Keep Dove Stone safe and beautiful this summer

Annabel Rushton

Friday 10 May 2019

It’s that time of year again, when everyone is excited about summer and looking forward to better weather and spending more time outdoors. Dove Stone, in common with other areas of natural beauty and coastlines up and down the country, will see an increase in visitors especially over the weekends and holidays.

The site, near Oldham is situated in the Peak District National Park and so is popular with people from the surrounding areas as a place to spend some time in the fresh air with friends and family. While most visitors are responsible countryside users and treat the area with respect, sadly the site experiences others not doing so and the effects can be devastating.

With warmer weather on the way, staff from the RSPB who manage the site, along with landowners United Utilities, and partners the Peak District National Park, Life for a Life Memorial Forests, and both the Greater Manchester Police and Greater Manchester Fire Service have launched a heart-felt joint appeal to those planning a visit to Dove Stone.

Miriam Biran, RSPB Visitor Experience Manager at Dove Stone said: “It’s great to see folk out enjoying nature and all the health and well-being benefits that brings, but this is a plea to all visitors to observe and respect some simple countryside rules which protect the area and the wildlife which calls it home, whilst also leaving the site clean and tidy for others to enjoy.”

The message from the partners is simple and applies to all visitors to Dove Stone:

  • No lighting fires
  • No BBQs allowed anywhere on site
  • Take all litter home
  • Dogs must be on leads from April – July (and in certain areas from March – August)
  • Please park responsibly, take notice of double yellow lines and follow instructions from our marshals.

Miriam added: ‘There are good reasons for these rules being in place, they are not there to stop people from having fun. Everyone will remember the heart breaking fires of last summer and we have already seen a number of these occurring this year too. This is why no fires or BBQs are allowed on-site. The risk of them getting out of control is simply too high. Litter also causes problems – it is both unsightly and a danger to wildlife and livestock, as well as being a fire hazard. Glass in particular, along with discarded cigarette butts is a real fire threat.”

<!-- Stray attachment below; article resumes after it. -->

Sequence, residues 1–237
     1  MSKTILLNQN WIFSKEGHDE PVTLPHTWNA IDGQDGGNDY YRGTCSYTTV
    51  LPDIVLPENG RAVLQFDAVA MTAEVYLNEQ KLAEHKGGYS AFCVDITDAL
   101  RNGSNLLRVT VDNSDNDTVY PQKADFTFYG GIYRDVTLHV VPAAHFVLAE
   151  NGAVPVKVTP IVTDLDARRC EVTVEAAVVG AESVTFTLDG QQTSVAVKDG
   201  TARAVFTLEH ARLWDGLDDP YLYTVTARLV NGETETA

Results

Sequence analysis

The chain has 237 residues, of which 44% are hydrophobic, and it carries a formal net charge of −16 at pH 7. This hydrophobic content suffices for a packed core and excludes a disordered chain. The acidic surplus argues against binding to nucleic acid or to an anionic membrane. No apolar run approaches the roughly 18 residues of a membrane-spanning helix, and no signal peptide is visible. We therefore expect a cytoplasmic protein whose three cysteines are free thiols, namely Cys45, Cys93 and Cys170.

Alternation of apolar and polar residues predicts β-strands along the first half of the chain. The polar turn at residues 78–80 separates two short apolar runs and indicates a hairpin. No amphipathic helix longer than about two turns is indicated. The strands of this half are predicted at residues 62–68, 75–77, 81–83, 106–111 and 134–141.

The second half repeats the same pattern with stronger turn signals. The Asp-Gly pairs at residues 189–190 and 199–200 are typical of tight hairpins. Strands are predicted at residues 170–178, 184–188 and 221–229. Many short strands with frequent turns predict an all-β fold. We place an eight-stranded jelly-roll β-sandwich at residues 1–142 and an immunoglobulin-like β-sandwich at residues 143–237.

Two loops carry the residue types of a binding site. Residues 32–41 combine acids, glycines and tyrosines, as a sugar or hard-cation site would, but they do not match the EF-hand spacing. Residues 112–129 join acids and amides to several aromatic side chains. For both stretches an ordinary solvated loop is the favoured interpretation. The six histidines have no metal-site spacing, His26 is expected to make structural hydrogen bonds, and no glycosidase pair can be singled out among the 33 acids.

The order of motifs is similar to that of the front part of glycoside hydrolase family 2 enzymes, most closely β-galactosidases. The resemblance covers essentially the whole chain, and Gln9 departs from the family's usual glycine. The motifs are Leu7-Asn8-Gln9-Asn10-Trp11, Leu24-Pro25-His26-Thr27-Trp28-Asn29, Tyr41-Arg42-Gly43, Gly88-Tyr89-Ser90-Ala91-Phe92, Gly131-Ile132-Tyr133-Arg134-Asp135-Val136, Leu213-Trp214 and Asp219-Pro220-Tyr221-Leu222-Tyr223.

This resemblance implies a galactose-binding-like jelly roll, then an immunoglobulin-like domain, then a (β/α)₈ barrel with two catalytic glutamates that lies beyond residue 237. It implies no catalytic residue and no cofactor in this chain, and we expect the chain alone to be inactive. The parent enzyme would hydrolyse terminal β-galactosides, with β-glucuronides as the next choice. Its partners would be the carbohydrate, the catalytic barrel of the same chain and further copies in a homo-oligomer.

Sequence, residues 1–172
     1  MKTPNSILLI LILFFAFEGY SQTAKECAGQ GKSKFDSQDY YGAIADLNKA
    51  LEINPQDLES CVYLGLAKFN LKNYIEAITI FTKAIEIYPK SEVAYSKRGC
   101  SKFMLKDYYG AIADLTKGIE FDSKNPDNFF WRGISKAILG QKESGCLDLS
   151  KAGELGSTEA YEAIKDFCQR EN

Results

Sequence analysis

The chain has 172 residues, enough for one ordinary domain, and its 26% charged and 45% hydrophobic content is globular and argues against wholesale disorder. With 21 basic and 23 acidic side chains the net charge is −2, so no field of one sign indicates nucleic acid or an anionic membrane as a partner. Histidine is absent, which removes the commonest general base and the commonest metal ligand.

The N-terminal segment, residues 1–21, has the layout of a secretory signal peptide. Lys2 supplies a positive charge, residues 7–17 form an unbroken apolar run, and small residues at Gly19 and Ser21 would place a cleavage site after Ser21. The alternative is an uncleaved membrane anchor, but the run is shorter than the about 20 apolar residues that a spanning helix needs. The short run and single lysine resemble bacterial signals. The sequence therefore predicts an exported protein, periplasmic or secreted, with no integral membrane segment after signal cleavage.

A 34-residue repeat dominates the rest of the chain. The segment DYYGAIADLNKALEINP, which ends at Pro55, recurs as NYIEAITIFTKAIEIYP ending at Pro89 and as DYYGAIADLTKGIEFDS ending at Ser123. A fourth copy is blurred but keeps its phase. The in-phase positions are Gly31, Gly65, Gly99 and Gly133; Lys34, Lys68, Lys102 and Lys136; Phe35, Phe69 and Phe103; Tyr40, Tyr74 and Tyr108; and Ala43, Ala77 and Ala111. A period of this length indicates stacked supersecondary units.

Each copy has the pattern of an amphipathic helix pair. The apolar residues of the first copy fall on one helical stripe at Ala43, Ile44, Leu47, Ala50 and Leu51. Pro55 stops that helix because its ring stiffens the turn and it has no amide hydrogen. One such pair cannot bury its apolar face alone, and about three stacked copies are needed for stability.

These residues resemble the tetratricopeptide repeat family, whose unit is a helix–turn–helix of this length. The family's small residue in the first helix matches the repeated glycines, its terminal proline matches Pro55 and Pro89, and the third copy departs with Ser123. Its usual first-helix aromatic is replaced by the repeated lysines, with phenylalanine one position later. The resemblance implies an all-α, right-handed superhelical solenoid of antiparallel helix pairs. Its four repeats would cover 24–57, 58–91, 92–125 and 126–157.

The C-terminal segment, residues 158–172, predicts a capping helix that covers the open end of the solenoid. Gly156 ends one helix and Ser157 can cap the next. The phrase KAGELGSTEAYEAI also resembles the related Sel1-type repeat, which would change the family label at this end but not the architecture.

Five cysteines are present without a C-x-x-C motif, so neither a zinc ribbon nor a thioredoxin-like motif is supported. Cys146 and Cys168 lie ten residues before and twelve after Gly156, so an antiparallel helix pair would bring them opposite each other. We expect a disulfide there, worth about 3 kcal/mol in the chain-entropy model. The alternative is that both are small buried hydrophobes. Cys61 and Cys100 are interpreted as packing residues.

Sadly, some fires have been started deliberately by arsonists, so the partnership urge visitors to call the fire service on 999 immediately if smoke or flames are spotted, as the faster they are under control, the less damage they do to the landscape, wildlife and livestock.

Wildlife and livestock are also at risk if dogs are not kept under control. Dove Stone welcomes dogs and their careful owners, but there are some simple ways to ensure the site is treated with respect. Dogs must be on a lead from April-July to protect sheep with lambs which are especially vulnerable to dog attacks - and happen in the area too frequently.

There are also a variety of birds which nest on the ground. The parents, their eggs and chicks can easily be disturbed by dogs, so dogs should be on leads during nesting season from March-August. Dog poo should also be cleaned up and placed in the bins provided.

On sunny weekends and holidays there are marshals on site, funded by Oldham Council, the RSPB, United Utilities, Peak District National Park and Life for a Life Memorial Forests, to help spread and enforce these messages. The Greater Manchester Fire Service have also recently trained up more volunteers to support with fire patrols around the Peak District National Park. This is all making a positive difference.

Miriam concluded: “If everyone sticks to these simple rules then Dove Stone can remain a fantastic home to nature and a place for all to enjoy.”


Dove Stone reservoir is owned by United Utilities and the water company works in partnership with the RSPB, who manage the estate.  The partnership aims to encourage public access and recreation, while protecting water quality and wildlife for future generations. 

Last Updated: Monday 3 June 2019

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